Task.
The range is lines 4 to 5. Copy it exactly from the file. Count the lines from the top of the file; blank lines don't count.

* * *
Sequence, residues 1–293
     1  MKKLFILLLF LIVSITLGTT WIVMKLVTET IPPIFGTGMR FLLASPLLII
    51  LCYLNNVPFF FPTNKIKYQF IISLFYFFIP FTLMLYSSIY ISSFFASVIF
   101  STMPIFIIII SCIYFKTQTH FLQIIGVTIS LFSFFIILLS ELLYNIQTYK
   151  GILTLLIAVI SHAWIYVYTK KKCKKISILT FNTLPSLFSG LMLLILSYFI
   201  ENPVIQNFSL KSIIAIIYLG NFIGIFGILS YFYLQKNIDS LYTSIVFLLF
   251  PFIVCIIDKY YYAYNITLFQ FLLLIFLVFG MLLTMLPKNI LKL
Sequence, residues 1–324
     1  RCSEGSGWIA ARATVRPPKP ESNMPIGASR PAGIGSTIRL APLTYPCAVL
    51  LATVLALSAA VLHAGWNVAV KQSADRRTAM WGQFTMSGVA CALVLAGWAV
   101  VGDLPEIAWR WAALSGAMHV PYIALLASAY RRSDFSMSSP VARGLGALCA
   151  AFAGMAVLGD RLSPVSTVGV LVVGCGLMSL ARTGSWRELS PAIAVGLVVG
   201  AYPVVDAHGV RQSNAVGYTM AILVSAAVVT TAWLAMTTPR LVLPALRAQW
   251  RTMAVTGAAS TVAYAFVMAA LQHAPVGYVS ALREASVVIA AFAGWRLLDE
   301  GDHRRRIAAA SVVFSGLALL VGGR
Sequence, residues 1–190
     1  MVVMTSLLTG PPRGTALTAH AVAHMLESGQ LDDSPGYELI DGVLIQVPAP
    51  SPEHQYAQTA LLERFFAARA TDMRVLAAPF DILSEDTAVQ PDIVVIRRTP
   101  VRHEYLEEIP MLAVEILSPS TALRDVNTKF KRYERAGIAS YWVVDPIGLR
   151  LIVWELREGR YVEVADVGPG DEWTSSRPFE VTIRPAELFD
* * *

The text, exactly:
   101  STMPIFIIII SCIYFKTQTH FLQIIGVTIS LFSFFIILLS ELLYNIQTYK
   151  GILTLLIAVI SHAWIYVYTK KKCKKISILT FNTLPSLFSG LMLLILSYFI